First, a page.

Crispy Bites Of Joy

Joydip Sur

Since time immemorial telebhaja has been an irresistible part of Calcutta’s culinary taste, compared to only French fries which incidentally is not French but Belgian in origin. Telebhaja was also once synonymous with adda; munching on to hot aloor chop, peyaji or beguni with muri and gorom cha was no less attraction for its participants. In recent years though chowmein, roll, momo, pizza and burger have usurped its position at the top but every quintessential Calcuttan still savour the taste of telebhaja on a lazy, rain-soaked evening. Crisscrossing the lanes and bylanes of old Calcutta, we rediscover its crispy appeal.

In good old days, just as the sun became low, almost at every neighbourhood in north Calcutta, a man would sit with a small oven, heat a soot covered oily kadai and deep fry delectable aloor chop, beguni, phuluri and peyaji. His customers would stand impatiently outside ignoring the mosquito bites or the heat generated by the oven, mesmerised by the sight of the fritters turning a mellowed golden yellow as if by magic.

At home, khichudi is complimented by beguni- long strips of eggplant (begun) dipped in a batter of besan or peyaji – onions dipped in a similar batter and then deep fried. The women in the household may often debate whether adding kalo jire (black cumin) to the batter makes it more crispy or not but there is no doubt about the universal appeal of telebhaja.

However, with the advent of roadside food joints selling chowmein, roll and momo as evening snacks, telebhaja somewhat lost its popularity. But even today if you are willing to prepare a gastronomical map of Calcutta, you simply cannot leave out Kalika at Surya Sen Street or Lakshmi Narayan Shaw on Bidhan Sarani, both of which have attained legendary fame as the sellers of mouthwatering telebhajas.

Kalika surprises you with its humble looks which are a contrast to its reputation among the foodies.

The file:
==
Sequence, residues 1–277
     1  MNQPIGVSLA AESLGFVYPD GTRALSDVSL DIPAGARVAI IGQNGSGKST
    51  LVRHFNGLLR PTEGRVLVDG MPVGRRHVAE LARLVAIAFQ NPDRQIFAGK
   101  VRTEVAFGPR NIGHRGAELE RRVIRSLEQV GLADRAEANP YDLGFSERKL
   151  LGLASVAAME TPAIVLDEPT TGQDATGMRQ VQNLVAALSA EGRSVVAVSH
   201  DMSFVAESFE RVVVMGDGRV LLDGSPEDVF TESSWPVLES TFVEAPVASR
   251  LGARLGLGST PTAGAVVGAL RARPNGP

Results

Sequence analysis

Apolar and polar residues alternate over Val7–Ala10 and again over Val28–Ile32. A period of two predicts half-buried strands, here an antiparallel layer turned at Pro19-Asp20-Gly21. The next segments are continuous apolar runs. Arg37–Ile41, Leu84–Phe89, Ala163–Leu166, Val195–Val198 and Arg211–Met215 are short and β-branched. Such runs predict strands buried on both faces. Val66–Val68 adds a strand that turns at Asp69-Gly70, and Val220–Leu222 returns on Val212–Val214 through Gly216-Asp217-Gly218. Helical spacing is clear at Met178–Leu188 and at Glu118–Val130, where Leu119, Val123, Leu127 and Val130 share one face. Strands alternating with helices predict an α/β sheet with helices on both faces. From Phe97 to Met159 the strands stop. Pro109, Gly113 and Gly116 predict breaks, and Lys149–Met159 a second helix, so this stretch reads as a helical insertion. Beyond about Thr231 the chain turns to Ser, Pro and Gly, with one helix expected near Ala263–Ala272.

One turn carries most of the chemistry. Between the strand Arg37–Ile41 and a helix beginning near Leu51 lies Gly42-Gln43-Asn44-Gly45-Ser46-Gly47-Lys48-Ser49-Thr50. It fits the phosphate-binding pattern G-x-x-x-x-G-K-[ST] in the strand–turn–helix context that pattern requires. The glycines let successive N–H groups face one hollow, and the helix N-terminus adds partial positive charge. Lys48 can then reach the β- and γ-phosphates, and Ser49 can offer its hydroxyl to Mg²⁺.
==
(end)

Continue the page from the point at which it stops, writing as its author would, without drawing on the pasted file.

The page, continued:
Established in 1960s, the shop not only sells the usual variety comprising beguni, alur chop but has also introduced innovations in the form of mochar chop, potol er chop and tomator chop.

The telebhajas sold here are not only distinct in size but also has a unique flavour that is hard to find anywhere else. The three Dutta brothers who own this joint say that they owe their success to the recipes handed down to them by their father, Sukumar Dutta, who started the venture. Over the decades the Duttas has perfected the recipe along with their karigars who have come from Nadia.

At Luxmi Narayan Shaw, a picture of Netaji, who once patronized the joint, still hangs on the wall and every year on his birth anniversary, telebhaja is distributed free of cost to everyone. “There is no parallel to Shaw’s telebhaja. I can’t imagine an adda session in our para without crispy begunis or peyajis. It is almost a ritual”, said Rajat Sen, a resident of Bidhan Sarani. “You must try the peyaji sold here. It is known as Netajir peyaji. It is by far the best you will ever come across in the city.” he adds pointing at the wicker basket which stores the golden brown fritters.

Roadside shops selling telebhaja is no longer limited to north Calcutta though the more finicky among us may turn up his nose if the upper coating is too thick or the base too thin. The aloor chops and begunis sold at the bus stand in Dalhousie or at Sealdah station sell like hot cakes in the evening (it is always considered to be an evening snack. You will never get telebhaja at the early hours of the day). Hari Mohanty who has been selling telebhaja near Sealdah’s Baitakhana Bazar for the last two decades starts selling his wares from 4.30 PM in the evening and when he calls it a day at 8 PM there are generally no leftovers.

Lately, there have been several innovations in the recipes. Shops in Bhawanipore area in particular are famous for churning out the most lip smacking daler bora, phuluri and lonkar chop.

So, for once fritter away your health issues and celebrate the delayed monsoon with crispy and tasty telebhajas.

Fast Facts:
Telebhaja is a deep fried fritter, sold mostly in roadside stalls across Calcutta. The main ingredients are sliced into thin pieces or boiled, mashed and marinated with a mixture of spices. Then it is coated with a batter of chickpea flour and deep fried. The most popular varieties of telebhaja are beguni, peyaji, phuluri, dal bora, mochhar chop, phulkopir bora, chingrir chop, tomator chop, lonkar chop, capsicumer chop and pata bhaja.

The Off-beat Ones

  • Daler Bora: Spiced dal [lentil] balls.
  • Phulkopir Bora: Copped cauliflower coated in batter.
  • Mochar Chop- Mashed mocha [plantain] in batter and flour balls.
  • Tomator Chop- Mashed tomato mixed with other vegetable mash or spiced batter.
  • Lonkar Chop- Dried, medium sized hot chillies coated in batter.
  • Capsicumer Chop- Sliced or mashed capsicum filled with mash, coated in batter.
  • Chingrir Chop- Shrimp in spicy potato balls, coated in batter.
  • Machcher Chop- Shredded fish mixed with spiced mashed potatos or vegetable.
  • Keemar Chop- Minced mutton made into balls with spiced potato mash.
  • Pata Bhaja – Flat palak saag (spinach) leaf coated with light sweet batter.